In his second day of testimony, an expert on rape as a tool of war today described to the Jean-Pierre Bemba trial the reasons for use of sexual violence during the 2002-2003 armed conflict in the Central African Republic (CAR).
Dr. André Tabo, a Central African psychiatrist who treated and assessed numerous women raped during that conflict, defined ‘sexual violence as a tool of war' as a rape constituting the use of weapons to require a person to engage in a sexual act. He added that generally speaking, the targets of sexual violence of this nature were vulnerable people without defenses, essentially women and young girls.
Dr. Tabo has written a report for the court, which documents the plight of 512 survivors of rape around the CAR capital Bangui, based on his work with them.
Prosecution lawyer Jean-Jacques Badibanga asked the expert what the motivations of the perpetrators of this sexual violence were.
The expert responded that his studies and work with survivors had established four reasons: First, “there is the fact that the victims were considered to be war booty,” he said, explaining that these were defenseless women and girls left behind by their men who had fled due to the conflict. The majority of the survivors he worked with were aged 30 years and below, and at that age women were not only vulnerable but also “attractive.”
Secondly, the women who were attacked needed to be “punished” because they were thought to be in support of enemy troops. Amongst the 512 survivors sampled in the doctor's report, 42 percent of them were raped in front of their family members. Dr. Tabo stated that perpetrating sexual violence in the presence of others is connected to the “punishment” motivation, particularly if that family member is a husband.”Raping a woman before and in front of a member of her family meant punishing her and humiliating that member of the family,” he stated.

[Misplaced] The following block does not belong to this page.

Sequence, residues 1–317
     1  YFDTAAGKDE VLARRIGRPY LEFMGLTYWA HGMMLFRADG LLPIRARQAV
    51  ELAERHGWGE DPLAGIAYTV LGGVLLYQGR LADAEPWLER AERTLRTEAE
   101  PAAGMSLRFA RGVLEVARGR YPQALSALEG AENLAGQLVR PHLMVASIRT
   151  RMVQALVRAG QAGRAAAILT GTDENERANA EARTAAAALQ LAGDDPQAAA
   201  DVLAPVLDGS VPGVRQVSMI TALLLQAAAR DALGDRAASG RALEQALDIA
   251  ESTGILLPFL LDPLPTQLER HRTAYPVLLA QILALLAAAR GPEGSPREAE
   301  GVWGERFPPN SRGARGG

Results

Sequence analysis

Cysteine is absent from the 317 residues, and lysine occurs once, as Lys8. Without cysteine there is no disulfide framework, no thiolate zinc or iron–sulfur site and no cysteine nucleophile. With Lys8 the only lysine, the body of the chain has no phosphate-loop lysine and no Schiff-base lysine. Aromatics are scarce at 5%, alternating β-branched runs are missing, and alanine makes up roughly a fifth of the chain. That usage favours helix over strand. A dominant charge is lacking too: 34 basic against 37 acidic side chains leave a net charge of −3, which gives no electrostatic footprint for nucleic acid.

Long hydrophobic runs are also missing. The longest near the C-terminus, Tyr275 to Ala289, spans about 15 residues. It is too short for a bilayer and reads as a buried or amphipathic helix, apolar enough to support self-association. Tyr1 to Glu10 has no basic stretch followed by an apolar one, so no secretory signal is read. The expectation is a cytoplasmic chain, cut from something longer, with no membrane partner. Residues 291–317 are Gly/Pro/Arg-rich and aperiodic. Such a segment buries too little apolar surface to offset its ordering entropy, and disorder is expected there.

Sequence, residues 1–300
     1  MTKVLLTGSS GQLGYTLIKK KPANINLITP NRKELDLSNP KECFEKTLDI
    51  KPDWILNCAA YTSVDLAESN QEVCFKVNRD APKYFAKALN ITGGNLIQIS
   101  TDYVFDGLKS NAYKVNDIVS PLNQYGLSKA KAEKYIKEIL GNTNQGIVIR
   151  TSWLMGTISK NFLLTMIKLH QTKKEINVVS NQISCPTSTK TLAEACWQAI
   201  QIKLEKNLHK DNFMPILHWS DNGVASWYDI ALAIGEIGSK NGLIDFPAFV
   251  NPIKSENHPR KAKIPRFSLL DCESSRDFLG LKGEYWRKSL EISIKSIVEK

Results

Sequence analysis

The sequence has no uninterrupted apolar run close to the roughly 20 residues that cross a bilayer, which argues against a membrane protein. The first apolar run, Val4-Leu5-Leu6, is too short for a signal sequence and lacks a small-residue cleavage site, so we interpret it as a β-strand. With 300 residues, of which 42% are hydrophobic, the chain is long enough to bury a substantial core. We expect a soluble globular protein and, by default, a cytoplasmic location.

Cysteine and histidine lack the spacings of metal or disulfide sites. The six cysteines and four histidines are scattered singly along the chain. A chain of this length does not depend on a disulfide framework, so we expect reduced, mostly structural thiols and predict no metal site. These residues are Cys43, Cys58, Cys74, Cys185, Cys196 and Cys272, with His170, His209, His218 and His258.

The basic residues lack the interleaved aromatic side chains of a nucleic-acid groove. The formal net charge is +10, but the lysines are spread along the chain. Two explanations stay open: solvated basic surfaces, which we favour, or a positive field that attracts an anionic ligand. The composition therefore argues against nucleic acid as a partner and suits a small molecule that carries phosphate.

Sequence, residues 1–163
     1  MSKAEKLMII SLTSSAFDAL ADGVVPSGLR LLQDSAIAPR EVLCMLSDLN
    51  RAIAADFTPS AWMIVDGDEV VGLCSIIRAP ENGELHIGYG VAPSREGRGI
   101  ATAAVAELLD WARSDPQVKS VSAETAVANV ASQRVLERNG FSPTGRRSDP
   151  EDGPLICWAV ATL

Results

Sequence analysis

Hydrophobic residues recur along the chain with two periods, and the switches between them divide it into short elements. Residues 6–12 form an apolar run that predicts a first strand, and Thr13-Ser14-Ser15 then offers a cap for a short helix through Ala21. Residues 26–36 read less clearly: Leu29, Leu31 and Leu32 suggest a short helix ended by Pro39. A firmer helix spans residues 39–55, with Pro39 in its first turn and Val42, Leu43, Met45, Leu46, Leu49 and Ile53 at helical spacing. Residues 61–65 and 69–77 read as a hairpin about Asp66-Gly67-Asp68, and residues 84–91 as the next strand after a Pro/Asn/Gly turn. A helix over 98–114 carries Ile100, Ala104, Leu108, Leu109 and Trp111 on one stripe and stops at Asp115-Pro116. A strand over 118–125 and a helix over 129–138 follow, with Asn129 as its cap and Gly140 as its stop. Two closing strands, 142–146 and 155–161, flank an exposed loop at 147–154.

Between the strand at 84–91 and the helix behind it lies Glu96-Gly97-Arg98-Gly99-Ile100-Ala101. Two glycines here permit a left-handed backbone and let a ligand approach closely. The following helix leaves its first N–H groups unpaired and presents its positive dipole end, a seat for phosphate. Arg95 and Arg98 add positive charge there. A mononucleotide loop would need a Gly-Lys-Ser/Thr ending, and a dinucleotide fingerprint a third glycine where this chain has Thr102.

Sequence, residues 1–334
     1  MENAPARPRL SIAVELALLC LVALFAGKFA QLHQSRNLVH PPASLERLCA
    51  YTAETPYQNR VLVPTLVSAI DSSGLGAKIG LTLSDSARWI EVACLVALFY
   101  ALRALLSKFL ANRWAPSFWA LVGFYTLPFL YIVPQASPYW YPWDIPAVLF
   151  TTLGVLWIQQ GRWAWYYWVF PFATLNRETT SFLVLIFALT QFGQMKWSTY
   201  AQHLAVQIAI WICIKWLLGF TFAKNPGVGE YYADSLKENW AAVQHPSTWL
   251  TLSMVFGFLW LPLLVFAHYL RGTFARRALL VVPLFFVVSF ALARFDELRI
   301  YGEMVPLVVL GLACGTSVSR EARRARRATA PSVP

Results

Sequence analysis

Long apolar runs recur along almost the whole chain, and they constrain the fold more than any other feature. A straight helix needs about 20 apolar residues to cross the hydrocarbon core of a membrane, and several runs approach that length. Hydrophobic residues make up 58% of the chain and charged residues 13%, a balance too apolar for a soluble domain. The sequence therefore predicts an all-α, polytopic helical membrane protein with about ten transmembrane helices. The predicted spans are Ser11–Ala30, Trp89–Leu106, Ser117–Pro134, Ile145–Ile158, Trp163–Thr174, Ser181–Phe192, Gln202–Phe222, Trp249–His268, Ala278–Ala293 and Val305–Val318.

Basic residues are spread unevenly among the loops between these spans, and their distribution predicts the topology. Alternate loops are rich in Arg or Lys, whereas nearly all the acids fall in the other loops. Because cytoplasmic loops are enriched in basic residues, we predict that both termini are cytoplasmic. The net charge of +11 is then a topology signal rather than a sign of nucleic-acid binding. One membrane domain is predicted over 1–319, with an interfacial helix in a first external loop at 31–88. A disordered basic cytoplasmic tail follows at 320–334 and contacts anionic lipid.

Whereas his work and study did not include any male rape survivors, Dr. Tabo emphasized that the phenomena was the same. “Raping a man in a time of conflict is humiliating him. The need to humiliate trumps the other considerations,” he said. “There is also the concept of punishment.”
The third reason was that as people close to the enemy troops, those attacked were assaulted in order to “destabilize the enemy troops.” According to the expert, the neighborhoods in Bangui, whose residents underwent the most rapes, were in the northern part, which was considered a stronghold of rebels led by Francois Bozizé. As such, the rapes were deemed a proclamation of victory over the opposition, Dr. Tabo said.
The rebels were at the time trying to depose President Ange-Félix Patassé, who called in Mr. Bemba's troops to help him beat back the rebellion. Prosecutors at the International Criminal Court (ICC) charge that members of Mr. Bemba's personal army – the Movement for Liberation of Congo – used rape of both men and women as a weapon of war while they fought alongside Mr. Patassé's loyalist forces. Prosecutors have also claimed that during these attacks, Congolese soldiers infected Central African women with HIV.
According to Dr. Tabo's report, 0.6 percent of the rape survivors he treated were under the age of 10, while 27 percent were aged over 40 years.
The professor attributed the fourth motivation behind the rapes as the need for “sexual release” and simply because “the soldiers were out of control and able to do whatever they wanted.”
Also in the report, Dr. Tabo mentioned the impact of the sexual violence. Amongst the survivors, 81 persons were found to be HIV-positive. However, it was found that most of them had the virus prior to the rape. He stated that ten of the survivors were infected during the rape.
In addition, as a consequence of the rape, four women suffered unwanted pregnancies. “One victim did accept the child as being her own and took that on. Another one did not want to have anything to do with the child she gave birth to. The third one had an abortion in hiding, which meant there were medical consequences. We lost track of the fourth,” said the witness.
Although Mr. Bemba was not personally in the CAR, prosecutors argue that he is criminally responsible for the rape, murder, and pillaging carried out by his troops. This is because he reportedly failed to punish or stop the soldiers from committing these crimes, even though he was purportedly aware that they were being committed.
The defense starts its cross-examination of Dr. Tabo tomorrow afternoon.